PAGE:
A Few Things: Understanding the History & Future of the Middle East, Inflation Reduction Act Explained, Will US Outperformance Continue, Michael Lewis on FTX, Managing Stress, Understanding Art....
November 3, 2023
I am sharing this weekly email with you because I count you in the group of people I learn from and enjoy being around.
You can check out last week’s edition here: Listening w/Galloway, Making Sense of Markets w/Damodaran, Understanding the Disorder, Macro Investing w/Scott Bessent, The Big Fail, Hidden Potential w/Adam Grant, Gold w/Idris Elba....
Believe it or not, that “♡ Like” button is a big deal, because it helps new readers understand if this is valuable and keeps me motivated.
Quotes I Am Thinking About:
"What worries you, masters you."
- John Locke
“I count him braver who overcomes his desires than him who conquers his enemies; for the hardest victory is over self.”
“A lie told often enough becomes the truth.”
“Beware of false knowledge; it is more dangerous than ignorance.”
- George Bernard Shaw
“Mistakes are always forgivable, if one has the courage to admit them.”
- Bruce Lee
"By failing to prepare, you are preparing to fail.”
- Benjamin Franklin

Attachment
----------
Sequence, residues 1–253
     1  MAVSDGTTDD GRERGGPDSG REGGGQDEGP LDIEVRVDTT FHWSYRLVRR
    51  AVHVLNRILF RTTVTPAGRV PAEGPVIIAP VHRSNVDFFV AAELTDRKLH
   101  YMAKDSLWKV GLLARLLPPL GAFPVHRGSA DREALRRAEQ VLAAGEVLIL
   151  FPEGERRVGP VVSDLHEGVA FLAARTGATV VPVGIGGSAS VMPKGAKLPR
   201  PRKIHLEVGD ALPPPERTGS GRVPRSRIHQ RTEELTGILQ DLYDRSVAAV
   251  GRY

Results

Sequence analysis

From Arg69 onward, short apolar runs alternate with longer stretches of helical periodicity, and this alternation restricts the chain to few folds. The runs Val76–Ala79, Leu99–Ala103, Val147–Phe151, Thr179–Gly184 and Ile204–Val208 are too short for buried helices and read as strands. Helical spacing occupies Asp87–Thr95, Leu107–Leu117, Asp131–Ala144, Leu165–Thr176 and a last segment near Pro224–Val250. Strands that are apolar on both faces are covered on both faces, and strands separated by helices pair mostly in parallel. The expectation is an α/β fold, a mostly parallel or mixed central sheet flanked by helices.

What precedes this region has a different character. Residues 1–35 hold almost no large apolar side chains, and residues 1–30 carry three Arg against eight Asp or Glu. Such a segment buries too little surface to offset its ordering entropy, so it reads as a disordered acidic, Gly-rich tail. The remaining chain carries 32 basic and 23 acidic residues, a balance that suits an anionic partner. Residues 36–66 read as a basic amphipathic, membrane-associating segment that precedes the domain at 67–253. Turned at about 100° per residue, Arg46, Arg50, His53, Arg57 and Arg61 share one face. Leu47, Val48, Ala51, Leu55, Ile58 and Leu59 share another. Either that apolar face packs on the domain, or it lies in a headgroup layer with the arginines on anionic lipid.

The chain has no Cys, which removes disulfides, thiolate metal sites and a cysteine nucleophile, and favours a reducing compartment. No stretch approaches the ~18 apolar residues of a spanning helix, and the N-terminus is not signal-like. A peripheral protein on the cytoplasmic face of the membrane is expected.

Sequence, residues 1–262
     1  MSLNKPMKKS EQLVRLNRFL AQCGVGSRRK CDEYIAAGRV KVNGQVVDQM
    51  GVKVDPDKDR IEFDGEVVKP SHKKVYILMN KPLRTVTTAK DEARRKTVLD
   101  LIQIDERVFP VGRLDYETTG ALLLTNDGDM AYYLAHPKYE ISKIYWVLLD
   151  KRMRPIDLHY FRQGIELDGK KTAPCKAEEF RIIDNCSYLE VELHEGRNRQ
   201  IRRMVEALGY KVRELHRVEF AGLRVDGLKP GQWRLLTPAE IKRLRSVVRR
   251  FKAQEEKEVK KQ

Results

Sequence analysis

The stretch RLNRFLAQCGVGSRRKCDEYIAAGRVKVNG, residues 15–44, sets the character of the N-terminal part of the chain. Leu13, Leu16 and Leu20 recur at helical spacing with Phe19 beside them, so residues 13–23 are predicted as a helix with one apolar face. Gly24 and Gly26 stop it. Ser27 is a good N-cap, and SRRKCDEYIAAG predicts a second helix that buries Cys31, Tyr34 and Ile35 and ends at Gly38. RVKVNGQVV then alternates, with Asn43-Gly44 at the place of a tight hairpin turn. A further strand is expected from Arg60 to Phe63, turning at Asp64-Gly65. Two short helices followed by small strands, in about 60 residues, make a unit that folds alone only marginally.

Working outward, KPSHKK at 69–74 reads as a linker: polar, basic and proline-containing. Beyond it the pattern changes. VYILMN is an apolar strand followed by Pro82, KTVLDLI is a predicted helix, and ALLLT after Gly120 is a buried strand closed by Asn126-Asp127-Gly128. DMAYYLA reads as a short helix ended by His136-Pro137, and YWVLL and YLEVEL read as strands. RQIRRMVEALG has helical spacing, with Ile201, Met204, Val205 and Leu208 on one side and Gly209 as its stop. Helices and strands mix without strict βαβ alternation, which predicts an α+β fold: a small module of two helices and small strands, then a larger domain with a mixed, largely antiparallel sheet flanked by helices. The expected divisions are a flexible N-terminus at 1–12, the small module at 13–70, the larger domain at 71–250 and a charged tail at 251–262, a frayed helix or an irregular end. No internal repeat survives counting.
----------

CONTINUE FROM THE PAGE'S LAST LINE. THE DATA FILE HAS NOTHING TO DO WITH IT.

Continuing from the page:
A. A Few Things Worth Checking Out:
Professor Mead is a Distinguished Fellow in Strategy and Statesmanship at the Hudson Institute, the Global View Columnist at The Wall Street Journal, and the James Clarke Chace Professor of Foreign Affairs and Humanities at Bard College in New York.
He most recently wrote: The Arc of a Covenant.
Big ideas from the podcast:
Both internal politics and international politics are becoming unstable at the same time. American thought it had won when Cold War ended and we took our eye of the ball for decades and didn’t set up what comes next.
Israel deep part of the American psyche. Big part of Protestant Christianity. The country of Israel must exist.
For the left, Israel was a great socialist experiment and the oppressed people. But over time they have become to be seen as the powerful capitalist oppressor. Today, the more someone likes capitalism and America, the more they like Israel and the more they hate capitalism and America, the more they feel that way about Israel.
Palestine end goal is resistance, that is the source of their meaning. It’s about the struggle, they will not admit defeat. Doing a deal isn’t part of it, only struggle is. Plus, who would Israel negotiate with and know that a deal was good and certain.
Weakness of US position on Israel - should have supported and told then to go after Iran not dealing with small issues in Gaza. Biden administration gave very limited scope for Israel to act. One of the big issues is that Biden administration just isn’t strong enough to deter. Example: Russia in Ukraine, Iran in Israel.
Iran also motivated to act to stop us and Saudi and Israel all being friends and Saudi getting US tech and nuclear.
The group of “others” - N. Korea, Russian, China, Iran all having different interests and timelines for what they want.